Thursday, June 18, 2015

Interview with a Pakistani Ex-Extremist: "Osama Bin Laden Was one of my Heroes." Pt. 1

Image from: https://www.flickr.com/photos/ooocha/3051971074


The night that Osama bin Laden died, I cried because I was so sad. He was one of my heroes.

The night I accepted in my heart that I was no longer a Muslim, I cried because I was so happy.

It took me almost 7 years to let go of my belief system, 7 years of on and off, doubt and restored faith. I kept a journal and wrote whatever I believed in at different times. 

However, I do not wish to focus on why I left Islam. Instead, I want to focus on why I wanted to join Hamas. I want to highlight the consequences of dangerous beliefs. In my case and in the case of many others today, it was religious belief that caused me to think this way. I was inspired to join Hamas by the anti-Semitism contained in the Hadith and Quran, plus the belief that if I get killed in the way of Allah, that would be the best thing that could happen to me.

I am in my final semester of my bachelors. I reside on my University campus and go home for a weekend every couple of months to visit my parents. 

A year and a half ago, my roommate and I made plans to join Hamas after our graduation. Our skills as electrical engineers would be useful to the cause. My roommate has an uncle who has fought for Hamas, actually. All we needed to do was to give him a phone-call after our bachelors and we would have been well on our way towards Palestine...to kill Jews or get killed by Jews.

Now, I'm an ex-muslim atheist and my roommate tells me he thinks I should be killed. Others in my class who are pro-Taliban and pro-Hamas also think this. I don't know about the intentions of other classmates, but my roommate still wants to join Hamas. I don't know if my friendship with him is more important to him than his religion - which requires him to kill apostates like me, and I don't want to know the answer either.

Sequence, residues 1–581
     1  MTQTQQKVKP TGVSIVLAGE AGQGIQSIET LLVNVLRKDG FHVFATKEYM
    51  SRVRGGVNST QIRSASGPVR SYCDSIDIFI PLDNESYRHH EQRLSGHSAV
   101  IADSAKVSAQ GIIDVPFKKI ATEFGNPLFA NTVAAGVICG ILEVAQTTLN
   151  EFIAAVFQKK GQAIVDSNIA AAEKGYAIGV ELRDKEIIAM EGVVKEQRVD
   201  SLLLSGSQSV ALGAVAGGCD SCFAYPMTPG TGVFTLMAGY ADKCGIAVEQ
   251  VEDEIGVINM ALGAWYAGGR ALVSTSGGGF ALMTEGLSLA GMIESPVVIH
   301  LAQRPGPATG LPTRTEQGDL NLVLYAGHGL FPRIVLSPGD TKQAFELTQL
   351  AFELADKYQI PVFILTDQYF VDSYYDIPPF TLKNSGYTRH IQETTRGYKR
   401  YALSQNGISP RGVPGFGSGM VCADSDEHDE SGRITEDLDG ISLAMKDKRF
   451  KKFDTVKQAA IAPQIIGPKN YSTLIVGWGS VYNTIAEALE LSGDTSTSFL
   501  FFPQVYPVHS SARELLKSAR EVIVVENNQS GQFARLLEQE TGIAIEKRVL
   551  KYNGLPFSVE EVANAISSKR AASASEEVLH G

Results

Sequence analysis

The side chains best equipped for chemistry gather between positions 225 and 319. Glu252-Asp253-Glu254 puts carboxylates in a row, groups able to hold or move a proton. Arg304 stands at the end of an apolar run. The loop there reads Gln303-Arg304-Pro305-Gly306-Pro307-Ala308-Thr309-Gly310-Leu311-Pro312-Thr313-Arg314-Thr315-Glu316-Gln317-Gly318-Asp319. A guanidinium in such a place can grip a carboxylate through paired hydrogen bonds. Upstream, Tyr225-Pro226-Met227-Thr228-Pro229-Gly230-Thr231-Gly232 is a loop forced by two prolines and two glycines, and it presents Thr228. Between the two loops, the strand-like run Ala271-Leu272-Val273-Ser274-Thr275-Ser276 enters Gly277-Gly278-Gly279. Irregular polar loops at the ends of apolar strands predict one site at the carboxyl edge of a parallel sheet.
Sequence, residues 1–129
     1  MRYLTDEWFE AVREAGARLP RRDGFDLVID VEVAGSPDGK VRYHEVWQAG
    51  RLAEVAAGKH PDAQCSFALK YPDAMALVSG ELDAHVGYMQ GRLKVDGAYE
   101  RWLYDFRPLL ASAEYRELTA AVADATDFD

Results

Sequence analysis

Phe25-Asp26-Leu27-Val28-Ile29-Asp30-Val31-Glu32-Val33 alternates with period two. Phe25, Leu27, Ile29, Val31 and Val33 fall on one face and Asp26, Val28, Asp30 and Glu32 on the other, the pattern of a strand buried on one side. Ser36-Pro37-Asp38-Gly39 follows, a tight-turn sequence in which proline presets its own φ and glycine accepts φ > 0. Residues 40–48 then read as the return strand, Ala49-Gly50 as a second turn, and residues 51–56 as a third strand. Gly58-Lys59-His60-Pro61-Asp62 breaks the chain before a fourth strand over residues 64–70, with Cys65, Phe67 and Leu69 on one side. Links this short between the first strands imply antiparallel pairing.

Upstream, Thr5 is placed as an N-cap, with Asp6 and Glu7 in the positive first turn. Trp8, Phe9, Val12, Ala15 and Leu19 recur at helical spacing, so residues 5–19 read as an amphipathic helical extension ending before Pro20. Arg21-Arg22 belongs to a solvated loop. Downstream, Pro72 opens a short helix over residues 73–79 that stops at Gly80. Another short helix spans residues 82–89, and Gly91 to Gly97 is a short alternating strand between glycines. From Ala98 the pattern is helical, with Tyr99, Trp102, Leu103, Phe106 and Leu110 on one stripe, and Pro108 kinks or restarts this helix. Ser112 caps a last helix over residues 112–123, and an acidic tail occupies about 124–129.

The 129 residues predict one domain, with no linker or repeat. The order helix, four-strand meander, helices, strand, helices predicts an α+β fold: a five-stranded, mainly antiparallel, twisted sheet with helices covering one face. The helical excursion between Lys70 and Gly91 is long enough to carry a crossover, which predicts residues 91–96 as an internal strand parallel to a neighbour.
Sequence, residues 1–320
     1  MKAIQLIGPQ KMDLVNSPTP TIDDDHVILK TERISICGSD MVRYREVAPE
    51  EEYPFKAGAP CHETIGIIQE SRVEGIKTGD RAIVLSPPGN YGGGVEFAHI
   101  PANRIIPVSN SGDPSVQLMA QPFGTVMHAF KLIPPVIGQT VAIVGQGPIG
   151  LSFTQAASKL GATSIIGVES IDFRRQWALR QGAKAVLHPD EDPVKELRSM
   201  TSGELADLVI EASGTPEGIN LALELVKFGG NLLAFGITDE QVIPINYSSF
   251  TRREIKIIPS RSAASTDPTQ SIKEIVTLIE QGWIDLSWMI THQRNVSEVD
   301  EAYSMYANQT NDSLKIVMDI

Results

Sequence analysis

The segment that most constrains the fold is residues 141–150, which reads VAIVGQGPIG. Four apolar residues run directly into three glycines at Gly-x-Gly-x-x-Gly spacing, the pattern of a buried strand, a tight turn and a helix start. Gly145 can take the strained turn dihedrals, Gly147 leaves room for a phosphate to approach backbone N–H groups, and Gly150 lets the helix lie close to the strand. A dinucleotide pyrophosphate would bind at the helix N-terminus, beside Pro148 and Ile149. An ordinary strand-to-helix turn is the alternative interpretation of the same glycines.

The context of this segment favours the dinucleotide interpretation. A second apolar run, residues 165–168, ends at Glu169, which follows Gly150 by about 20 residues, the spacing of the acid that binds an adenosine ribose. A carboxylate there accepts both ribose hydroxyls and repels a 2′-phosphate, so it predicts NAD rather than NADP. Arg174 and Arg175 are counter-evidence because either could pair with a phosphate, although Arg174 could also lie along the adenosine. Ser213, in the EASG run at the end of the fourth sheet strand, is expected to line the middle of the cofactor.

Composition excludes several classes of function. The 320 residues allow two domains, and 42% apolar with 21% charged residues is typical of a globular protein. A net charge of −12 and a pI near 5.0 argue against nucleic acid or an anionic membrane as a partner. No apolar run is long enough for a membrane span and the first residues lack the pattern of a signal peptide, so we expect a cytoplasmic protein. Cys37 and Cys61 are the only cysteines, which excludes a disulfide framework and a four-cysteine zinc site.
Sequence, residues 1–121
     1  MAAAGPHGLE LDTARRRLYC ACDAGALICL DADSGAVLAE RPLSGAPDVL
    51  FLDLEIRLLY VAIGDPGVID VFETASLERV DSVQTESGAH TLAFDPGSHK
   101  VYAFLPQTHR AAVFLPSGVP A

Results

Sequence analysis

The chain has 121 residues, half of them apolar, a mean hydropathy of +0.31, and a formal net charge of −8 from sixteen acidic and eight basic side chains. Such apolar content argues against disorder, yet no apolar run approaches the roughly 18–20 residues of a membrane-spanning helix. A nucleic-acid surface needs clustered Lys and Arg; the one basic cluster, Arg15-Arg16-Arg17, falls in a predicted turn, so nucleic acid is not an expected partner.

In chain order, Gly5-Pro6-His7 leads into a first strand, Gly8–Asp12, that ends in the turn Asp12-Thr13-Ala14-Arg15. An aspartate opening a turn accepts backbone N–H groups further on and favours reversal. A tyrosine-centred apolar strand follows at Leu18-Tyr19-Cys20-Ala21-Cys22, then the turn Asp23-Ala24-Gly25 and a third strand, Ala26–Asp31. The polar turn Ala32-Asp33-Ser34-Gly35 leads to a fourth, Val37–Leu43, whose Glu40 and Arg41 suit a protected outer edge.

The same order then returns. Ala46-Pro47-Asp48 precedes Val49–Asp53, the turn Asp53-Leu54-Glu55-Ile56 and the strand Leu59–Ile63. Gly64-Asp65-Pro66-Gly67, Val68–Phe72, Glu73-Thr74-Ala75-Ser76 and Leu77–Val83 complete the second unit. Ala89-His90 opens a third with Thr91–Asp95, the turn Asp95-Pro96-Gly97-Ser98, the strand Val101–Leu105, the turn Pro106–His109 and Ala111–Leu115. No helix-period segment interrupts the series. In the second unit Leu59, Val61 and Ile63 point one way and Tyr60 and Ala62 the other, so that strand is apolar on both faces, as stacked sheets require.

In the beginning, I used to stay up late to make sure my roommate fell asleep before going to bed myself and I would wake up earlier than him. After some time, I got tired of being paranoid.

Previously, we used to talk about how to get to Palestine, the end times, the need for the Ummah (global Muslim community) to unite and take back our former glory etc. Now we rarely talk at all. We don't go to eat together, we don't joke, we don't watch movies together. Whereas formerly, we were the closest of friends, going to join Hamas was a secret between us. I had not even told my parents about it.

There is an invisible wall between us now. Our room is the most quiet room there is in the hostel (dorms). I'm just waiting for the day when I get out of here. I guess he probably wants to get away from me too, break off all ties.

I have not come out as a non-believer to my parents yet. They are very devout Muslims. I don't know if they love me more or if they love Muhammad more. What I do know is that politics, socio-economic conditions are not the only things that motivate people to join organizations like Hamas. Religion is a major factor, if not -the- factor.

How else could someone like me, who had every other opportunity in the world to live a life as law-abiding citizen, plan to join an organization like Hamas? This is a question people are not willing to ask, certainly Western liberals aren't asking this question. I think they don't ask this question because the answer is too scary for them.

I do not know if or when one of my classmates might report me to the authorities here in Pakistan (they usually get ex-Muslims in jail on blasphemy charges) or kill me personally, but if I stay silent, more and more people are going to get killed and people will still be asking the wrong questions.